• Comprehensive backend: The Zenfolio account back end is a real powerhouse.   It is jammed packed with tools to help you manage your photos, create galleries (private and public) and set pricing structure.  Also much of the organizational options are ajax based allowing you to simply "drag and drop".
  • Digital downloads: Images can be sold as digital downloads.  Zenfolio has a better than average system of licensing in that you can create custom license options.  With a little work on your part you can have a thorough licensing option list, but it can't compare with PhotoShelter's system which is full on pro.
  • Versatile pricing structure: Pricing profiles can be created which can be applied to different images, categories and galleries. (note that use of this feature is not user friendly, see cons)
  • Private galleries: Password protected galleries can be created for display to special clients (great for weddings and such).
  • Attentive support Staff: While it takes them a day to get back to you, they do really work to try and solve your problems.
  • Plugins: Plugins for image applications like Lightroom and Aperture make sorting, selecting, keywording and upload an absolute breeze.
  • Great upload system: By far the best upload system out of all the sites listed.  Everything can be done in large batches with automated options and integration with 3rd party apps.
  • Sub categories for galleries: Makes organization so much easier for you and your customers.
  • Private Galleries: They allow for private galleries which you can share with specific customers (good for weddings, etc).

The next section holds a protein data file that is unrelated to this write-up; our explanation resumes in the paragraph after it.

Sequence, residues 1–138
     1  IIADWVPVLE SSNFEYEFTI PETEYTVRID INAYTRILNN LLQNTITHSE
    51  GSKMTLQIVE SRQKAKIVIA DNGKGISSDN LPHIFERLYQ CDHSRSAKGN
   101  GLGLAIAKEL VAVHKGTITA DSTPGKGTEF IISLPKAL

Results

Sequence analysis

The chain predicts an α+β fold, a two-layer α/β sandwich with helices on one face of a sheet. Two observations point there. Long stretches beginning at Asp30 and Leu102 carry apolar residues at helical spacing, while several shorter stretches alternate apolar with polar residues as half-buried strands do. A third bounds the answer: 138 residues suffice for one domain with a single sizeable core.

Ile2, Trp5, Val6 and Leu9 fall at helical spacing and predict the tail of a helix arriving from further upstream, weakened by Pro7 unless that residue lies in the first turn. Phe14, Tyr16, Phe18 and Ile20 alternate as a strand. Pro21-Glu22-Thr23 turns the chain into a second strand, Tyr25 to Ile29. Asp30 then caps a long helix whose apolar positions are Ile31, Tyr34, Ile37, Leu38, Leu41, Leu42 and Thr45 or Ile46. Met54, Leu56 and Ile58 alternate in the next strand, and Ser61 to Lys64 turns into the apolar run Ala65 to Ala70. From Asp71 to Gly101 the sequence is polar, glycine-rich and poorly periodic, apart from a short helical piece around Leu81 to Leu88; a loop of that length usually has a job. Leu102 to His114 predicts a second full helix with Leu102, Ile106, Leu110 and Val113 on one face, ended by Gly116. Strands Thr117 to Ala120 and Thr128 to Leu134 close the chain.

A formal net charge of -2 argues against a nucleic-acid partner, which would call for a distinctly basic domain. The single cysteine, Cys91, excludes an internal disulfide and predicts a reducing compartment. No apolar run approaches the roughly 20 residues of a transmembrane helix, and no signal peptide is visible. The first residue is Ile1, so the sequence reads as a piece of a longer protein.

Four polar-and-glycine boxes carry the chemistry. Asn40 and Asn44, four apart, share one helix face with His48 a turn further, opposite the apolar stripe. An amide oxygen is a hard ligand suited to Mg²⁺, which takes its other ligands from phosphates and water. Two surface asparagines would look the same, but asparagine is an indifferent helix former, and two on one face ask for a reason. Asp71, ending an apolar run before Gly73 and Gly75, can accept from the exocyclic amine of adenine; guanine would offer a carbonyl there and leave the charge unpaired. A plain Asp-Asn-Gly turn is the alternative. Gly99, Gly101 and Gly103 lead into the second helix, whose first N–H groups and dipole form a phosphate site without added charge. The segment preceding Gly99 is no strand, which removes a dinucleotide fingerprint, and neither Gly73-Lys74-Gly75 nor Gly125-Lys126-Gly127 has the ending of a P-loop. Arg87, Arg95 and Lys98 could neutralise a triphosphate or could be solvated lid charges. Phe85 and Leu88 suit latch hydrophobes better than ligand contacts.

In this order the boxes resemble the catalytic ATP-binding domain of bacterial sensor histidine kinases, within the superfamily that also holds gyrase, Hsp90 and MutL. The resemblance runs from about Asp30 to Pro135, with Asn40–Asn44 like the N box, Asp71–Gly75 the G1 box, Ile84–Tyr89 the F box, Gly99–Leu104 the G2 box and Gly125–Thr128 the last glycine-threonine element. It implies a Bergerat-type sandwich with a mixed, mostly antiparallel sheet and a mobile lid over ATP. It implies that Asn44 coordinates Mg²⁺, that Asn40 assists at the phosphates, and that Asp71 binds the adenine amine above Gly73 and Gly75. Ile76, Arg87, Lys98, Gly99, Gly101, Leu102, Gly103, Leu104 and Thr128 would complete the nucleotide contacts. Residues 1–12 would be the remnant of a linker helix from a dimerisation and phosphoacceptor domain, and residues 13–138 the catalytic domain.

• Easy to use Cropping system: While I don't care for cropping of my images.  Zenfolio's customer cropping is well created and easy for users to understand.
  • Comprehensive Print Mediums: You get a very large selection of paper options along with medium options for your prints (paper, canvass, metal, acrylic, floaters, and more)
  • Images will resize: "on the fly" depending on the browser resolution of your visitor. (No scrolling.  Display the largest image you can for their screen size).
  • Blog: They have an integrated blog.  Great if you have no other option.  I personally would recommend using a WordPress site instead and simply linking to it (like I do).  It's just a better system,, and of course you won't loose all your writing if you decide to quite Zen at some point.
  • Mobile browser support:  ability to view your site from mobile phones while still having a reasonable experience.


  • Cropping of artwork: As we know by now.  I consider forced cropping of my artwork or photography as a complete deal breaker.  And Zenfolio sadly, forces the crop.  They have their set of standardized print sizes and aspect ratios and you must force your art to fit those dimensions.  If you do not, then the customer is going to receive cropped prints.  Yes they have the ability to customize that crop, but it's confusing to the customer and still defiles your artwork.  There is also the option to reduce the size of the image until it fits the medium.  That however leads to huge borders and far smaller images than the customer was expecting.